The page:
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Spanish Armada Charts Used to Delineate Private Fishery

GalleonMagna Carta and maritime charts dating back to the time of the Spanish Armada had a part to play in the High Court’s decision that fishermen who trawled for cockles in a private fishery without authority must pay damages for trespass. The court ruled that the fishermen had infringed exclusive fishing rights and were liable to pay compensation to reflect the value of the illicit cockles landed.

Members of the Le Strange family have for centuries enjoyed private fishing rights over parts of the Wash, in East Anglia. However, the existence of the private fishery has long been a bone of contention amongst local fishing boat owners. During the summer months of 2007, several of them raised their colours in protest amidst the fishery, bringing down the wrath of John Loose whose family have for generations operated the fishery as tenants of the Le Strange estate.

In ordering the fishermen to pay damages to Mr Loose, the court noted that private fisheries are very rare and that the Crown has been prevented from granting any such exclusive rights since Magna Carta was signed in 1215. However, private fisheries established before the death of Henry II, in 1189, are still in existence and the Le Strange family had established its right to the fishery under the doctrine of prescription on the basis of long user.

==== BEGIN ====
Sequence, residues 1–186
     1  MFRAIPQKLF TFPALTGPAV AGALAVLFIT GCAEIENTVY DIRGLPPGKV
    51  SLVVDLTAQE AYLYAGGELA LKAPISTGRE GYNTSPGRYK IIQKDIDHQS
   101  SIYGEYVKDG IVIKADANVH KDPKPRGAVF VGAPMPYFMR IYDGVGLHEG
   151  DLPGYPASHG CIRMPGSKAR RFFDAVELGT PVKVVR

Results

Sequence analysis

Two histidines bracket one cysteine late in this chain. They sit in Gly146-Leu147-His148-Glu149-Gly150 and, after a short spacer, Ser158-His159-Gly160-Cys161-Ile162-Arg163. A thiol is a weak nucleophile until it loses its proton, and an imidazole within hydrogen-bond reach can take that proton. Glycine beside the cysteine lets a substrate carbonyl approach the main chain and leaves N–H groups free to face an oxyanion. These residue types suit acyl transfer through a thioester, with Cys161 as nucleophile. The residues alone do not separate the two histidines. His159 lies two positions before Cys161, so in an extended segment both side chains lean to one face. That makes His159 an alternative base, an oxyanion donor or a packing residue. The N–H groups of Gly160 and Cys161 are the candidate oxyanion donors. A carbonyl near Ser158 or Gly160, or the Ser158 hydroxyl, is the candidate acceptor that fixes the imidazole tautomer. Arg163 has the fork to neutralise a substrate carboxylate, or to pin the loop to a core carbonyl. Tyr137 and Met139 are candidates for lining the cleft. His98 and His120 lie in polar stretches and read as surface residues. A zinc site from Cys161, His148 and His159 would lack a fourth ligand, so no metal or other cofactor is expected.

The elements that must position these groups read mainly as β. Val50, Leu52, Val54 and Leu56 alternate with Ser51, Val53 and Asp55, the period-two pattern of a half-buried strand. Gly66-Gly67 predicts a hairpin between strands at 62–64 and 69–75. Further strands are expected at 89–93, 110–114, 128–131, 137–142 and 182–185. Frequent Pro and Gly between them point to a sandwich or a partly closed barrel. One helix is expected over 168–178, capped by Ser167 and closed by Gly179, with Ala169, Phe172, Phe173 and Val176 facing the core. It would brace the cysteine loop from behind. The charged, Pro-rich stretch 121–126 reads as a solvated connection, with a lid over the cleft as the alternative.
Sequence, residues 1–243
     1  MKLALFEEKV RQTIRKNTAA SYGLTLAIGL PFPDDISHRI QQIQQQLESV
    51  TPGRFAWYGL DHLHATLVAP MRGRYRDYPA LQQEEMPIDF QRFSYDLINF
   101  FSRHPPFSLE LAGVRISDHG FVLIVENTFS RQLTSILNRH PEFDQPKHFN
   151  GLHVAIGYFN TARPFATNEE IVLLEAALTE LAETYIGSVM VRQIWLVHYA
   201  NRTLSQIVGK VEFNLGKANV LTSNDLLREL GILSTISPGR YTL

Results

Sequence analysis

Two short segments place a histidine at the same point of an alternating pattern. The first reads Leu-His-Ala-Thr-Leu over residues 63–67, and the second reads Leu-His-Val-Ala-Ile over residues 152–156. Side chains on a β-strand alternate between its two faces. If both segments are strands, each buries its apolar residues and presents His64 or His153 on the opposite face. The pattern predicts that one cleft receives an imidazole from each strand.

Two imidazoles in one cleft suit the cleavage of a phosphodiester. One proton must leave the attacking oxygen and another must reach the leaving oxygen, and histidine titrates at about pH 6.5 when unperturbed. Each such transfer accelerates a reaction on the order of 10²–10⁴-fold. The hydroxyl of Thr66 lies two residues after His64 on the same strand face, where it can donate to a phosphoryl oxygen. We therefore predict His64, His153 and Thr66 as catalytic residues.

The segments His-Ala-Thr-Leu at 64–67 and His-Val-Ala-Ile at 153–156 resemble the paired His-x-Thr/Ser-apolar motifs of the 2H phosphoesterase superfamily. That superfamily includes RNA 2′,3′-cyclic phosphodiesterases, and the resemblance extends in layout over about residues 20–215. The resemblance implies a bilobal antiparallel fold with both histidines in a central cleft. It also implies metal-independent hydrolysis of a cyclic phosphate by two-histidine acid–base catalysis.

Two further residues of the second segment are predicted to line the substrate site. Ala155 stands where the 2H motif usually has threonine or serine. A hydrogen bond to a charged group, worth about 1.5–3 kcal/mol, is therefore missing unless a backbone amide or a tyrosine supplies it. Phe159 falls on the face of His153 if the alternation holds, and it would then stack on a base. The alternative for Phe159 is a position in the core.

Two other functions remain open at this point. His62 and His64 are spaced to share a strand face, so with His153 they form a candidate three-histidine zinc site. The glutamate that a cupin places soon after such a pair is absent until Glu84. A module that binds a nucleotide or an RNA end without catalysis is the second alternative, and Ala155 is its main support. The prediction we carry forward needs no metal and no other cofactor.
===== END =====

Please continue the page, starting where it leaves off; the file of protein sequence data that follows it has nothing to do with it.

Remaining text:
Sir William Blackburne analysed historic documents and maritime charts – the oldest dating back to 1588, the year of the Spanish Armada – in determining the precise extent of the private fishery. Finding that 13 fishing boats had trespassed upon the fishery between July 26 and September 10 2007, the judge said they were ‘not simply there for the fun of it but were there to fish for cockles and were successful in their search for them’.

Mr Loose had claimed more than £500,000 damages from the fishermen, but the judge found that he had not proved a loss approaching that sum. However, he also said he was not convinced that the quantities of ‘illicit’ cockles landed were as small as the trespassers claimed. It was left to the parties to calculate the precise quantity and value of the cockles landed by the trespassing vessels and the sums in damages payable.